U.S. companies want to invest in Malaysia and predictability and transparency continue to be key to boosting investor engagement and confidence. To attract both new investment and re-investment, company representatives tell me the Government of Malaysia needs to be proactive in discussing and resolving investment issues, company-by-company. Malaysia has also taken important steps in creating national action plans to combat child labor and trafficking in persons and we support the implementation of those plans and the protection of worker rights.

The U.S.-Malaysia business partnership builds on a legacy of decades of shared growth and prosperity that provides us the means to help tackle our most pressing challenges, including climate change.

Malaysia’s plan to reach net zero emissions by 2050 is one of the most ambitious in the region. The Biden Administration supports this goal and is placing climate change at the center of its foreign policy.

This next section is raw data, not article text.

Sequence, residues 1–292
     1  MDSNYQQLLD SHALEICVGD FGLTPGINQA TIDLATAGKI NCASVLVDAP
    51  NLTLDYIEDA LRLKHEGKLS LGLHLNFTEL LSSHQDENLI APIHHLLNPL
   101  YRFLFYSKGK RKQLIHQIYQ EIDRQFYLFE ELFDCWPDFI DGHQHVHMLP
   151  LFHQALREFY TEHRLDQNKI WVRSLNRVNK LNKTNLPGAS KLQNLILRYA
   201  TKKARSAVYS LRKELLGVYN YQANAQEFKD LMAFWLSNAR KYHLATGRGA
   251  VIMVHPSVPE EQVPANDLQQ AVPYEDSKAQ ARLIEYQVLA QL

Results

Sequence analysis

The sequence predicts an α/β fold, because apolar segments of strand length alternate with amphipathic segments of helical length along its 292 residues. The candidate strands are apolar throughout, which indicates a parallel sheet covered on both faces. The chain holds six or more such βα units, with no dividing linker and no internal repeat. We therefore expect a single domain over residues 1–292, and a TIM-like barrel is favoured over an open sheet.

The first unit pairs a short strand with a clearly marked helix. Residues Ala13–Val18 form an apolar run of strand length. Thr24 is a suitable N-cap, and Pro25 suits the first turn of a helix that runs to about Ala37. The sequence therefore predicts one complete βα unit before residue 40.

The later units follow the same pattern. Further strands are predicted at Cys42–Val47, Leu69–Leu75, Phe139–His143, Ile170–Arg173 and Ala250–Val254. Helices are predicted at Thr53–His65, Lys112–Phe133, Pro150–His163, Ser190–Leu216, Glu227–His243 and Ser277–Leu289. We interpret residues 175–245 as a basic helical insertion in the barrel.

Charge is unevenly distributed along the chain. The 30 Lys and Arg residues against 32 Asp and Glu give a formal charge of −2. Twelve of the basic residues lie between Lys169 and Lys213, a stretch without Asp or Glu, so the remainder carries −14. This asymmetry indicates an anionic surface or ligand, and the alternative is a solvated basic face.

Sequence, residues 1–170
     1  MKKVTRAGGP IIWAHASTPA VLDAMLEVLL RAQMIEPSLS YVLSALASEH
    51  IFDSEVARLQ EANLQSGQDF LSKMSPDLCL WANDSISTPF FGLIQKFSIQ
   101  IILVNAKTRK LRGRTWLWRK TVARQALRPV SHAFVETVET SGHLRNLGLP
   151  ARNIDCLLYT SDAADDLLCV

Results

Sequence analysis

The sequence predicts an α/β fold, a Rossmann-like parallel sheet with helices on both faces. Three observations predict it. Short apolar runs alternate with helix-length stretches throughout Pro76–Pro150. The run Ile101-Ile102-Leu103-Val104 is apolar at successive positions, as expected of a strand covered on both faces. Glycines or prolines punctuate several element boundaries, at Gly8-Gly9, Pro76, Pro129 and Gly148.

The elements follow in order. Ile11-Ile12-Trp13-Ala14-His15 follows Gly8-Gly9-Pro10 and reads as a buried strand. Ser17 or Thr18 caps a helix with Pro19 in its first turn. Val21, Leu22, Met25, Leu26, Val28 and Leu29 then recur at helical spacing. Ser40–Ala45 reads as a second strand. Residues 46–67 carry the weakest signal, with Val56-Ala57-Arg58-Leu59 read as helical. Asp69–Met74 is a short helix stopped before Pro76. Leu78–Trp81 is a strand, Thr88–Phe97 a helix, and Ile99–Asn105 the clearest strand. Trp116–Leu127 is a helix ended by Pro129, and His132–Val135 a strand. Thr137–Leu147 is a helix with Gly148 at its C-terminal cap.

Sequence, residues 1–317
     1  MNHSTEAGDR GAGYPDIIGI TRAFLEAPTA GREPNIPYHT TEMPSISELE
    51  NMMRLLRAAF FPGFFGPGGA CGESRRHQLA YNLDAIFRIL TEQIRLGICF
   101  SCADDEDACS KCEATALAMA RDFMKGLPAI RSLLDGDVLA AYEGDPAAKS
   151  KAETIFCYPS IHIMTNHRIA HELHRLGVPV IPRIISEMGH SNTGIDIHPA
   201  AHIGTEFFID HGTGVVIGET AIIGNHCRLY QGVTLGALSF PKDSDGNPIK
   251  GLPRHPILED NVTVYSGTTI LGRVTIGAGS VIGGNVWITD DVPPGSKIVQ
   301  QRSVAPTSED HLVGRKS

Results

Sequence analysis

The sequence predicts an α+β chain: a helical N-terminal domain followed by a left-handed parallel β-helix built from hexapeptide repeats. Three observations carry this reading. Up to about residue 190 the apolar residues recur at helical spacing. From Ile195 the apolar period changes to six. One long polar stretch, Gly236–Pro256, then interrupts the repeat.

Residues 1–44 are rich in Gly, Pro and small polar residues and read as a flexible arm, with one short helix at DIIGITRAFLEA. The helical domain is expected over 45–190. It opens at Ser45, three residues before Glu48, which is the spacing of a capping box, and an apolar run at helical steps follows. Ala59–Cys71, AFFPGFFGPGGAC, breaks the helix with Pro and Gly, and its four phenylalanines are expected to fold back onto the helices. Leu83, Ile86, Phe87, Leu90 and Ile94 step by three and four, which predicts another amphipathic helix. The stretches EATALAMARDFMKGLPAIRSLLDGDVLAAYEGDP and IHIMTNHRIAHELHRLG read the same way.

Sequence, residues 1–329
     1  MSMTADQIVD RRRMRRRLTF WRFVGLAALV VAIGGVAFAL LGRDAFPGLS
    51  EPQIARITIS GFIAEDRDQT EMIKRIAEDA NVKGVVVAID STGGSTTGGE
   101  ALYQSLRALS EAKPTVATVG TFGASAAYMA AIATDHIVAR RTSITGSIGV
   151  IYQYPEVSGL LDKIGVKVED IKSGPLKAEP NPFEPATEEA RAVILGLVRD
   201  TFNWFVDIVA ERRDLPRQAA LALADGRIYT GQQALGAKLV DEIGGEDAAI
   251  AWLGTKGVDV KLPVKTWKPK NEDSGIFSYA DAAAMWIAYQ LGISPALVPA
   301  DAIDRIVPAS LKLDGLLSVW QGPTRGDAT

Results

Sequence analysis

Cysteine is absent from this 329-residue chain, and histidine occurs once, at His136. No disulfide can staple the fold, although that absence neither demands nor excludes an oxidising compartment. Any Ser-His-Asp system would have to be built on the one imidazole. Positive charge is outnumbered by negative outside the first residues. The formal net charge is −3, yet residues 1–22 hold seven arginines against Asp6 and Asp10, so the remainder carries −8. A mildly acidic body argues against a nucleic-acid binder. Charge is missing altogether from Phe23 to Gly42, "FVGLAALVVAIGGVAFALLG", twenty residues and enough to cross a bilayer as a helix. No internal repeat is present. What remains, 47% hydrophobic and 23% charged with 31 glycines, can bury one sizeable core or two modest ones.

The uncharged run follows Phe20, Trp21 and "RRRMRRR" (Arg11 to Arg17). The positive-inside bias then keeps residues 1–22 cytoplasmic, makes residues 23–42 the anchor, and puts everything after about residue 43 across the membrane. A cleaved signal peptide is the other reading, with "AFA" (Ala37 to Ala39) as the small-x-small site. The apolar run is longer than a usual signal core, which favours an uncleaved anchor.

I am proud to see U.S. companies in Malaysia taking significant steps toward reducing their emissions and helping Malaysia reach its net zero goals by taking a range of actions from building solar plants to exploring carbon capture and sequestration projects.

Malaysia’s ambitious MyDigital plan outlines a framework that would make this country a leader in digital technology and U.S. companies are positioned to be key partners in bringing this plan to life. In addition to the Microsoft investment mentioned above, another two U.S. companies have received conditional approval for additional hyper-scale cloud services centers.

These new, forward-looking ventures build on the solid foundation of our past success as trading and business partners. I’m confident that U.S. businesses can continue to play a vital part in Malaysia’s advancing economy for decades to come, for the benefit of the people of both of our countries.

(Brian McFeeters is the United States Ambassador to Malaysia.)